Community partners help Greenville Tech grow the area workforce

Greenville Tech Foundation is poised to honor an individual benefactor, the Jolley Foundation and Lockheed Martin.

A Lockheed-funded classroom at the South Carolina Technology and Aviation Center's aircraft facility. Photo by Will Crooks

Greenville Tech Foundation, the nonprofit that helps Greenville Technical College provide a college education at a reasonable cost and helps remove financial barriers to graduation, will salute a $2 million donor, a sister area foundation, and a major aerospace company at this year’s Workforce Development Salute.

Dodie Anderson, the Jolley Foundation, and Lockheed Martin will be honored at the gala as outstanding examples of community partnership. The honorees will be recognized for their role in making significant contributions in support of Greenville Tech students so they can develop specialized knowledge, complete their degrees, and land job offers in their chosen fields.

This year’s salute will be held on Thursday evening, Oct. 3, at the Hyatt Regency Greenville.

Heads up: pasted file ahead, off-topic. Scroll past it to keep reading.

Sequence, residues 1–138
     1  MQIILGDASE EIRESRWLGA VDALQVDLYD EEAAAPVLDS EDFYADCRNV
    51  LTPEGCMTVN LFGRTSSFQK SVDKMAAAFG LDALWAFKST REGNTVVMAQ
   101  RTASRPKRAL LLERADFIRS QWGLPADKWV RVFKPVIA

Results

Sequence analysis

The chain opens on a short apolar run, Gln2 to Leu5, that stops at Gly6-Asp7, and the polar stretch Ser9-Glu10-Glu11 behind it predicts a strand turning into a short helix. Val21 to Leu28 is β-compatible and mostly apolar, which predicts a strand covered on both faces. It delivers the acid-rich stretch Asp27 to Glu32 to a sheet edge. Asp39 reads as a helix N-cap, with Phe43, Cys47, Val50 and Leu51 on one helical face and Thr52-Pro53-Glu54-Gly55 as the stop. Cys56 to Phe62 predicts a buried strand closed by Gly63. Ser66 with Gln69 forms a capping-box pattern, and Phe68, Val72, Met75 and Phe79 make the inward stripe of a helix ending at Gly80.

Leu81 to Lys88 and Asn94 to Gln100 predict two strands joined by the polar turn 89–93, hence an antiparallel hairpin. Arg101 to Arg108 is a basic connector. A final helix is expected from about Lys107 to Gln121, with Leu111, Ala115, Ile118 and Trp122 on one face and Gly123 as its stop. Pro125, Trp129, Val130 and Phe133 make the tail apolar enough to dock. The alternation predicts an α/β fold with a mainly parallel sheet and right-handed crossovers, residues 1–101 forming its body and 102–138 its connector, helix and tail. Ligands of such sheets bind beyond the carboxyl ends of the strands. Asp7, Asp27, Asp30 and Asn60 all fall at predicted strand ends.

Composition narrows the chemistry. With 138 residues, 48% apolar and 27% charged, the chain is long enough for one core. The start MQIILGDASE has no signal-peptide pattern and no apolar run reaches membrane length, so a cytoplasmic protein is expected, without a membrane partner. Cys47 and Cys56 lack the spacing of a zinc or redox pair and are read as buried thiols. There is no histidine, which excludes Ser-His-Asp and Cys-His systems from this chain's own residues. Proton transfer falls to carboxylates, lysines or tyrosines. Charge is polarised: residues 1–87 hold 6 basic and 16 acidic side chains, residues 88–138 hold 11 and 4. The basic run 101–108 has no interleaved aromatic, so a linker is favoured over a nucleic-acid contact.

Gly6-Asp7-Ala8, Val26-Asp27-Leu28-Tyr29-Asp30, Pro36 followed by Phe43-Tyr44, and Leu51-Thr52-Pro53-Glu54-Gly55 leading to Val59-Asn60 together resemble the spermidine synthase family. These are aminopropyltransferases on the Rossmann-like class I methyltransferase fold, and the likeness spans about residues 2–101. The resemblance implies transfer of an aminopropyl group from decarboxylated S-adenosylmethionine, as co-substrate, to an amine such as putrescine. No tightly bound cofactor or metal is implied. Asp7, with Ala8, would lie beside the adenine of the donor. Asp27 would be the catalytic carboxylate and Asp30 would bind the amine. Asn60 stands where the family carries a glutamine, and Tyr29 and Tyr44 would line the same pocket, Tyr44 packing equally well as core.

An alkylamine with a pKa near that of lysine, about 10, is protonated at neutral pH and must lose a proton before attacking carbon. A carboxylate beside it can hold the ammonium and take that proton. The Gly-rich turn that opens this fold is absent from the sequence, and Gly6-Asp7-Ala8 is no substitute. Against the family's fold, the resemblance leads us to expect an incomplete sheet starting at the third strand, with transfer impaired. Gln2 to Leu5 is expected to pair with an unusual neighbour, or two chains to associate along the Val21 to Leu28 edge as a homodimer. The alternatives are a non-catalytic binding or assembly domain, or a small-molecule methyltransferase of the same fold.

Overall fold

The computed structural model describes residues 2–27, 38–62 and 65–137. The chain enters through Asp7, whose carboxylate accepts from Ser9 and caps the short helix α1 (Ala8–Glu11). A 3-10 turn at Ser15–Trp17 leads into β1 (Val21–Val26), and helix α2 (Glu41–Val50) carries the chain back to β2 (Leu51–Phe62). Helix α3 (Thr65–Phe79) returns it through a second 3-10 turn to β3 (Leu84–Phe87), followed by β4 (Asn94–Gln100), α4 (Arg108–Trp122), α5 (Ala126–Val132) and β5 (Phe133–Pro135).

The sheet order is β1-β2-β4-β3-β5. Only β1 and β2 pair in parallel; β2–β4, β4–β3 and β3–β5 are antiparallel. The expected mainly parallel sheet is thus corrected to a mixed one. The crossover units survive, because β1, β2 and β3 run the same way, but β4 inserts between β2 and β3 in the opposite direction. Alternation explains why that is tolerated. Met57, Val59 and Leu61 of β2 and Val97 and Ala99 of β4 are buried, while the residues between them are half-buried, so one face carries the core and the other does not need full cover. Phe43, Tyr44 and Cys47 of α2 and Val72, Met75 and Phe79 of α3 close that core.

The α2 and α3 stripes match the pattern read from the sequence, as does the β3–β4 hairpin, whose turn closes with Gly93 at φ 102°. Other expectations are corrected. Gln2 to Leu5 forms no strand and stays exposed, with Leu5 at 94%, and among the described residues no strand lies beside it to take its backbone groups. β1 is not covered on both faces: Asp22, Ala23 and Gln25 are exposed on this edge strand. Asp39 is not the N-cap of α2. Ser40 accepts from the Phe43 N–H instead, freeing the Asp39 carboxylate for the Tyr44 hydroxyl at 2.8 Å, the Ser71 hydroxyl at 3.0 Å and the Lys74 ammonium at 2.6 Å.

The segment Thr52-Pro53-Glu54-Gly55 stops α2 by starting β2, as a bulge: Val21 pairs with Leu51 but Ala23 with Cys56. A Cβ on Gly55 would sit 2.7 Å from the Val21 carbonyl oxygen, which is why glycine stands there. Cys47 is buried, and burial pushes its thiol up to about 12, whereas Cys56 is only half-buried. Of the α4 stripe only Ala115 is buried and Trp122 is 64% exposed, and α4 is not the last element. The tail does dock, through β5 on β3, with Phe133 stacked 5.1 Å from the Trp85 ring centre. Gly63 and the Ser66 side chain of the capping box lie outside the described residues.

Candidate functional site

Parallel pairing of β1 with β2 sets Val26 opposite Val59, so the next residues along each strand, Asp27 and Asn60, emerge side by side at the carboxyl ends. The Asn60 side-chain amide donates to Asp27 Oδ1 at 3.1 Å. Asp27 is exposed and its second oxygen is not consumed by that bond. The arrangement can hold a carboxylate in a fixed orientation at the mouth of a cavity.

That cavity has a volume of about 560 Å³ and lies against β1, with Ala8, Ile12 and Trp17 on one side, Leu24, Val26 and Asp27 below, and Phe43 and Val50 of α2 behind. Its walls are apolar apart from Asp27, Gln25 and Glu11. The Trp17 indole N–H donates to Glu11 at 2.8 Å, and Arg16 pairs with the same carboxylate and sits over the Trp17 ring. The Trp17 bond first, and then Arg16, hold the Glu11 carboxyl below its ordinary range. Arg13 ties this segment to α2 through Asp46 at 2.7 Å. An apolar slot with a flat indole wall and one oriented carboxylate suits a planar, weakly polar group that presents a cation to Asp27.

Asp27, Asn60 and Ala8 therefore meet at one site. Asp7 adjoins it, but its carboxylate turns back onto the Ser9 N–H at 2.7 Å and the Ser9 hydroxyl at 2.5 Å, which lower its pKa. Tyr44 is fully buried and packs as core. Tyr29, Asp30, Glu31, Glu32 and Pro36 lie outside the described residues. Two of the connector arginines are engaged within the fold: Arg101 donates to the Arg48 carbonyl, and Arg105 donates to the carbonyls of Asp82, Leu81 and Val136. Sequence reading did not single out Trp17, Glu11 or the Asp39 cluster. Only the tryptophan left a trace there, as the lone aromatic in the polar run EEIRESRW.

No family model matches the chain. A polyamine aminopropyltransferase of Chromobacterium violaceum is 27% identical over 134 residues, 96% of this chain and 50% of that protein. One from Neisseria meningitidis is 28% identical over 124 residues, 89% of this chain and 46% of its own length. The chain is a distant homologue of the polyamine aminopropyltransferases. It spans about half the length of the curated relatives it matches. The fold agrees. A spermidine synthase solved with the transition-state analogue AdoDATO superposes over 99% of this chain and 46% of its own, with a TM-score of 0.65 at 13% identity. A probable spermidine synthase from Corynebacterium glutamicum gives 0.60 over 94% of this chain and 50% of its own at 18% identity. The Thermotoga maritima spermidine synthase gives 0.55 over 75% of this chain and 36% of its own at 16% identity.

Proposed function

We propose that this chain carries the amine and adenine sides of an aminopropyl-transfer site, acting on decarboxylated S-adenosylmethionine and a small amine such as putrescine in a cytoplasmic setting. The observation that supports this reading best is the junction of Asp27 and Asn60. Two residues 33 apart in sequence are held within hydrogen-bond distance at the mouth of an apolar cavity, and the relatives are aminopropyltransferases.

The honors come on the heels of Greenville Tech’s decision last year to reshape its academic divisions into six schools that correlate with target industries for growth as defined by the Greenville Area Development Corp.

The new schools are: School of Aviation, Construction and Transportation Technologies; School of Business and Computer Technology; School of Advanced Manufacturing and Engineering Technology; School of Health Sciences; School of Education and Professional Studies; and School of Arts and Sciences.

“Companies have needs, and we are constantly meeting with them, listening to them, asking them, ‘Are our students meeting your needs?’” said Ann Wright, vice president for advancement at Greenville Tech Foundation. “There’s many things that we didn’t even know or conceive of as little as 10 years ago that are needed today. So it’s imperative that we meet often, especially with our employers, to make sure that we are providing an education that then turns out an individual who is able to work for them in a meaningful way.”

According to Greenville Tech Foundation’s 2018 Impact Report, corporations and corporate foundations made just under $1 million in gifts, or 40% of the total $2.38 million in contributions, received by Wright’s foundation during the past year. Individuals – some associated with businesses, some not – contributed just under 40%. Foundations weighed in at 15% of total contributions; gifts-in-kind, 4%; and governmental and other organizations, 2%.